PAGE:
- City Fajr Shuruq Duhr Asr Magrib Isha
- Dubai 05:24 06:42 12:10 15:09 17:32 18:50
Yemen's new gas industry and foreign aid will fuel economic growth of up to eight per cent this year, despite insecurity that has helped drive the riyal to its lowest level for years, a senior Central Bank official said.
Fears of economic collapse are misplaced and the Central Bank is ready to sell more dollars to defend the riyal, Ibrahim Al Nahari, Sub-governor for foreign banking operations, said.
"I expect 2010 will be a very good year compared to 2009," he said. "We are hoping to see growth between 7.5 and eight per cent. This is basically attributed to the growth in gas."
Exports from a $4.5 billion (Dh16.51bn) liquefied natural gas (LNG) project began only in October, several months behind schedule, keeping real growth in gross domestic product (GDP) to 4.1 to 4.2 per cent in 2009 against a targeted five per cent, said Nahari.
Oil income, which accounts for up to 75 per cent of budget revenue, plunged to $2bn in 2009 from $4.4bn in the previous year when world prices peaked, he said.
Tourism earnings and remittances from Yemenis working abroad also suffered in the global financial crisis.
But Nahari said revenue would rise this year with oil prices up and LNG exports gradually increasing, while more of the $5bn in foreign aid pledged in 2006 would be disbursed. Yemen's budget is strained by fuel subsidies, especially imported diesel, which cost it more than $2bn in 2009, he said.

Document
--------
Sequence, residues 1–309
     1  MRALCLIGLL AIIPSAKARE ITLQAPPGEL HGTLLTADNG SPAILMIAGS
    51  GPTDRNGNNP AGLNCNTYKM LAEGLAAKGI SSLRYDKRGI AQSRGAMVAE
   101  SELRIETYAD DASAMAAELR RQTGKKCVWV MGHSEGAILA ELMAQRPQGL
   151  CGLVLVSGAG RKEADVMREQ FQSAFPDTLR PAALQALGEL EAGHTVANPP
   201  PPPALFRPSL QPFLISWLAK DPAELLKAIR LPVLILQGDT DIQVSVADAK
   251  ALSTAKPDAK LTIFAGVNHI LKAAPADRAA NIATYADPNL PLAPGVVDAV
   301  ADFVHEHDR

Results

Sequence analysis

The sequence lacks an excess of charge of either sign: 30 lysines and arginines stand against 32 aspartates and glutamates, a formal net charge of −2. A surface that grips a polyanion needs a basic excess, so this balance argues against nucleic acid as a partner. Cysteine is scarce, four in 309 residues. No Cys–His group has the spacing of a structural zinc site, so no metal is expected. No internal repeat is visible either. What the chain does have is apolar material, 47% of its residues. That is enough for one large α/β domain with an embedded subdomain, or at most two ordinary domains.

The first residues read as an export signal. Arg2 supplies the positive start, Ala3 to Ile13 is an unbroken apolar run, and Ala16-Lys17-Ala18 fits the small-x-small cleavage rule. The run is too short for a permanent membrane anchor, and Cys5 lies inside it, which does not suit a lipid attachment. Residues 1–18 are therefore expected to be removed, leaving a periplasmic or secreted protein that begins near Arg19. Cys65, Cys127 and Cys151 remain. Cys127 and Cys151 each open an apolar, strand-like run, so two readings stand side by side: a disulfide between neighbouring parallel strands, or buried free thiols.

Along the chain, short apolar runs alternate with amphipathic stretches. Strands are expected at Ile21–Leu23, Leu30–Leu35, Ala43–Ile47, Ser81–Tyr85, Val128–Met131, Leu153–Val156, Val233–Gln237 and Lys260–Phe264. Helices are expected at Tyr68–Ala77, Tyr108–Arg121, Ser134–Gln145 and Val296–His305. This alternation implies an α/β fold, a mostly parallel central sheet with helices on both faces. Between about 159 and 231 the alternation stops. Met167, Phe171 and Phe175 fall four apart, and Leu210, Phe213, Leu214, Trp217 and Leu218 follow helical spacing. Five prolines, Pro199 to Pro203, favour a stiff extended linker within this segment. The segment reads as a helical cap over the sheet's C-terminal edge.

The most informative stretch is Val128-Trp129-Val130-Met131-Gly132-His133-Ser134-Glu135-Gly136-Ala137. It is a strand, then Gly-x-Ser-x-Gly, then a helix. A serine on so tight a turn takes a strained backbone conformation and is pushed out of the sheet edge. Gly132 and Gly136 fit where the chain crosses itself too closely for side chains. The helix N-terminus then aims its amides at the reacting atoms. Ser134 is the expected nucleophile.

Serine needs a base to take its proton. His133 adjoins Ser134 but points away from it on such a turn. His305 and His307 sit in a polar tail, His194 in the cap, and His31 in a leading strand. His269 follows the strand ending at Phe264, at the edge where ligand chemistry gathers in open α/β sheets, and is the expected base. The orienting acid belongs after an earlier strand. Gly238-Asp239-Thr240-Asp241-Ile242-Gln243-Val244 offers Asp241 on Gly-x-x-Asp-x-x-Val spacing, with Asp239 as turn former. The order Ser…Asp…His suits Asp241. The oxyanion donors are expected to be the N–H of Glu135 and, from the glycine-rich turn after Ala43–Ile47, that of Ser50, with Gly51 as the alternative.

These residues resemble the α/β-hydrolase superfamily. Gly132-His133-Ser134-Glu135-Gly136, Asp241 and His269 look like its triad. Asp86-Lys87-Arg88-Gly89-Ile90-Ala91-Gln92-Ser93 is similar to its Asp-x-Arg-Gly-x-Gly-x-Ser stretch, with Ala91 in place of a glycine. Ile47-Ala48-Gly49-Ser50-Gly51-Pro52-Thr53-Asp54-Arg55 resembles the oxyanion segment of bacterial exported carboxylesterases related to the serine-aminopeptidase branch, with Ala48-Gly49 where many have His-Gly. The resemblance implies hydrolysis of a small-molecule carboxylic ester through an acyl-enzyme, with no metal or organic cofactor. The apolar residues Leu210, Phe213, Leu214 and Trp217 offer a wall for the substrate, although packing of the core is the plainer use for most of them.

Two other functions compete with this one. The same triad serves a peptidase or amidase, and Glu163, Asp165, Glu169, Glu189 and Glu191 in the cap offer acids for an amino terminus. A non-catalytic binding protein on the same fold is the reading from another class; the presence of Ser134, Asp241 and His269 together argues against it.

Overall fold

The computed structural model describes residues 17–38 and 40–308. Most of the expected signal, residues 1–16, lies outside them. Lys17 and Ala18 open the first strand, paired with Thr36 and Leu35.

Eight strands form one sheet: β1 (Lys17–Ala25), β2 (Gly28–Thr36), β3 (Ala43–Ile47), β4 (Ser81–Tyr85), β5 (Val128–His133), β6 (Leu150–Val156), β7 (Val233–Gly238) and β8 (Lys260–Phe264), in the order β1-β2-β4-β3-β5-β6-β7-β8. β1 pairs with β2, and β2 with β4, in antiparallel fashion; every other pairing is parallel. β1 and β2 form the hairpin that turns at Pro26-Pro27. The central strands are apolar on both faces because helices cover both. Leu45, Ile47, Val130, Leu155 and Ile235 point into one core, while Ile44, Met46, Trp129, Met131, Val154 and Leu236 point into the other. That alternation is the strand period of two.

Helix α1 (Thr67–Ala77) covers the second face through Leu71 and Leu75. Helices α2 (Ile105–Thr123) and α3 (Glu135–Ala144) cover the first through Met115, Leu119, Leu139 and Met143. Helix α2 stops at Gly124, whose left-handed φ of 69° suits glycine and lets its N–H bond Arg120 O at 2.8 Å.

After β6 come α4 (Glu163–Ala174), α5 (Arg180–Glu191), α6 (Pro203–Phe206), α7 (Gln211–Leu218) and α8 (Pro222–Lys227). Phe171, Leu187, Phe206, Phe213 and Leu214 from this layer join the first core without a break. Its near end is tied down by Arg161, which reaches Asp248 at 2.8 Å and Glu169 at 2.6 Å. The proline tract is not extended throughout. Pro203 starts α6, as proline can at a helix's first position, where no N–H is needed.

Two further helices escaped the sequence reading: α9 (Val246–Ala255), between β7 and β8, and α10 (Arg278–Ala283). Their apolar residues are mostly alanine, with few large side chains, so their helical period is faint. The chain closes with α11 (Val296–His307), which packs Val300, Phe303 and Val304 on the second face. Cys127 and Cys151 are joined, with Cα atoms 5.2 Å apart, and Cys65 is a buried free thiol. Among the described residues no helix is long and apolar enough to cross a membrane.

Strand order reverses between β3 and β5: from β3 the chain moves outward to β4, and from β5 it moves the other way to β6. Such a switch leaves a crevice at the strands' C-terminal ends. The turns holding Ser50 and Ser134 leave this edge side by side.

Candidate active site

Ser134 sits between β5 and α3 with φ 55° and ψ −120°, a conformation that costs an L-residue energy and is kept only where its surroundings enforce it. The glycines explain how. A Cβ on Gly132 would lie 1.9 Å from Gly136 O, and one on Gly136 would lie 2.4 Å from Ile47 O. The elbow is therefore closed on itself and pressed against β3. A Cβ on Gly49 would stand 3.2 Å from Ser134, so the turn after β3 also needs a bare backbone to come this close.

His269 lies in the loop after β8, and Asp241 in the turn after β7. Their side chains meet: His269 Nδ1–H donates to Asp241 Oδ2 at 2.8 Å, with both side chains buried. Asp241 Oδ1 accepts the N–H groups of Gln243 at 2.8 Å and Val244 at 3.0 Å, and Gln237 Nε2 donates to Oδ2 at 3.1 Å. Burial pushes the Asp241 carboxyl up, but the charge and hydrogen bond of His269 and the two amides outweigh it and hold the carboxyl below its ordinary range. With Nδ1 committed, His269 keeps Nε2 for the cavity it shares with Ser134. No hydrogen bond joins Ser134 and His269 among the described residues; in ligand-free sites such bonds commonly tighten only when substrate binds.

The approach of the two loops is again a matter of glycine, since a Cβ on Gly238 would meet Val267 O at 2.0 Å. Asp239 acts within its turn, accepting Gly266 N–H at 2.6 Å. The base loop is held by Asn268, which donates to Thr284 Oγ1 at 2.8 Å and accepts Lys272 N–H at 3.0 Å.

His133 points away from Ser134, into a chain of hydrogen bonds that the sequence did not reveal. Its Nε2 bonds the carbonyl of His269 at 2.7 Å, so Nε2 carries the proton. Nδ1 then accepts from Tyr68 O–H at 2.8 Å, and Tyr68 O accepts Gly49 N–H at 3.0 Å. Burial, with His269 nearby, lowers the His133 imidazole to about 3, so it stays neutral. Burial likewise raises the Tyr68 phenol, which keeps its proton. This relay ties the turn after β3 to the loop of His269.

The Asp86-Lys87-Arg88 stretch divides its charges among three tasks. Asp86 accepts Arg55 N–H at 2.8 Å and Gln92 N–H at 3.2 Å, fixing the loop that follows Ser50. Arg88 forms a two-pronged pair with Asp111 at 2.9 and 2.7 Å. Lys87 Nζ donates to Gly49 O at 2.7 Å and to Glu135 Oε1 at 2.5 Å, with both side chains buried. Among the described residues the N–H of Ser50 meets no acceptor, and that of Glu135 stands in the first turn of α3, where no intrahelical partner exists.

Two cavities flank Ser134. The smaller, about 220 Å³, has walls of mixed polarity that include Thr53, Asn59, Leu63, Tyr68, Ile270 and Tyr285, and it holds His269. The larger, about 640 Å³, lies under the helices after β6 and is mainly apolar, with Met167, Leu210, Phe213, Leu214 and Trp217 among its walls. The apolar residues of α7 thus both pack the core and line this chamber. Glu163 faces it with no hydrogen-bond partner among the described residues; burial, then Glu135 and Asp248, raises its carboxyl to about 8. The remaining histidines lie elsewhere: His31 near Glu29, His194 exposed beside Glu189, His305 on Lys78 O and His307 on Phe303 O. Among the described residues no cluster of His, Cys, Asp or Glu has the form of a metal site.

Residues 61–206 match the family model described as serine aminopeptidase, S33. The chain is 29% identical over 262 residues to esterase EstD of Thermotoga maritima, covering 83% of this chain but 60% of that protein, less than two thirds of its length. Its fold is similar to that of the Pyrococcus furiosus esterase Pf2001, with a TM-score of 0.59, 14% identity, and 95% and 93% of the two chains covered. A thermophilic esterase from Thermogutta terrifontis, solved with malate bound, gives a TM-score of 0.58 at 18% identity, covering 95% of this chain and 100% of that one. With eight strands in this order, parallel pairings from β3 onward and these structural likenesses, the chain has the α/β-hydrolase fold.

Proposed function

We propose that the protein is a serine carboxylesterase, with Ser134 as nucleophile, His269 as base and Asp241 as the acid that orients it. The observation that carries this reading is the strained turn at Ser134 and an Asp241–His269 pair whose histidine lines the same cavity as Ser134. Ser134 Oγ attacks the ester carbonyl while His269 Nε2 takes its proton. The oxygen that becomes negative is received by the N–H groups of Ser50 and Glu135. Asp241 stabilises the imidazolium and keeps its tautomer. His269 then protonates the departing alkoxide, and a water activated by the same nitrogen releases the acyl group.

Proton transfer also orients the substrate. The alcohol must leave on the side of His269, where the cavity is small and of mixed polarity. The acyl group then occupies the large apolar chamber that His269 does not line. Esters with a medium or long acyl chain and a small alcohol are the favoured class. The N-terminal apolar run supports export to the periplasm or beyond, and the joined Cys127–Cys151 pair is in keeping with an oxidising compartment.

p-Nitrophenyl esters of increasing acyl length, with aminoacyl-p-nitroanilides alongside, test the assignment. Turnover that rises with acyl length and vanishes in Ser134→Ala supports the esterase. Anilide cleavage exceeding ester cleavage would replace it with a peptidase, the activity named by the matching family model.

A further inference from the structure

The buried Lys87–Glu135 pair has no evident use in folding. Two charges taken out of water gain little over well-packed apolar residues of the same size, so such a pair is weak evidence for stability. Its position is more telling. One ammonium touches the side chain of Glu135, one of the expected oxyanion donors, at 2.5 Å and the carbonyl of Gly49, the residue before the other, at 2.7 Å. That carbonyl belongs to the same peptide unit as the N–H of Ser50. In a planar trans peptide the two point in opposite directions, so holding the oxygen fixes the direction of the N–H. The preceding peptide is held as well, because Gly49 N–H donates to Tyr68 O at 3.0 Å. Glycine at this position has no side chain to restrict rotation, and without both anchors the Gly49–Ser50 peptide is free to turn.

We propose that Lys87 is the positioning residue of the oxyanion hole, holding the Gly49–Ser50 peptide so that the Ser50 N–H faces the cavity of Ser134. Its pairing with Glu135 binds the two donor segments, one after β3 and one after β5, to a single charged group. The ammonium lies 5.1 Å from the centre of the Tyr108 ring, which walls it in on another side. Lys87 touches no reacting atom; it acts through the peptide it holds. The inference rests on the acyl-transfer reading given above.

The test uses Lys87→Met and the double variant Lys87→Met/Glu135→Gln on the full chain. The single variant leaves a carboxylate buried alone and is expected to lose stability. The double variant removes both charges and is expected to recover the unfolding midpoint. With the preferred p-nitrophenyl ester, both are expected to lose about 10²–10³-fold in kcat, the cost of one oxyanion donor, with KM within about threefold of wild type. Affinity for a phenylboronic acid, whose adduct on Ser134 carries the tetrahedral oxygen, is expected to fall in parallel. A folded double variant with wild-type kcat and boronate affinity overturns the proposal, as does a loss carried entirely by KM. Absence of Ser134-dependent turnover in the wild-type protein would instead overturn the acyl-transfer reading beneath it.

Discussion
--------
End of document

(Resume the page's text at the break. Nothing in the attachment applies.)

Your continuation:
The bill for diesel subsidies, a fraught political issue, will be similar in 2010, the finance ministry said.
Nahari said Yemen held foreign reserves of $7bn, equivalent to 10 months of imports, and the Central Bank would sell more dollars if needed to calm jitters about the riyal.
"The volatility is not due to economic factors but due to psychology," he said, blaming "rumours" about economic weakness.
"We will not allow drastic changes in the exchange rate," he said. "If we see any pressure on the exchange rate due to non-economic reasons, then we sell dollars."
Nahari said exchange rate fluctuations had averaged less than two per cent in the past five years.
The government expects inflation to accelerate this year, but hopes to limit the rise to eight or nine per cent, he said.
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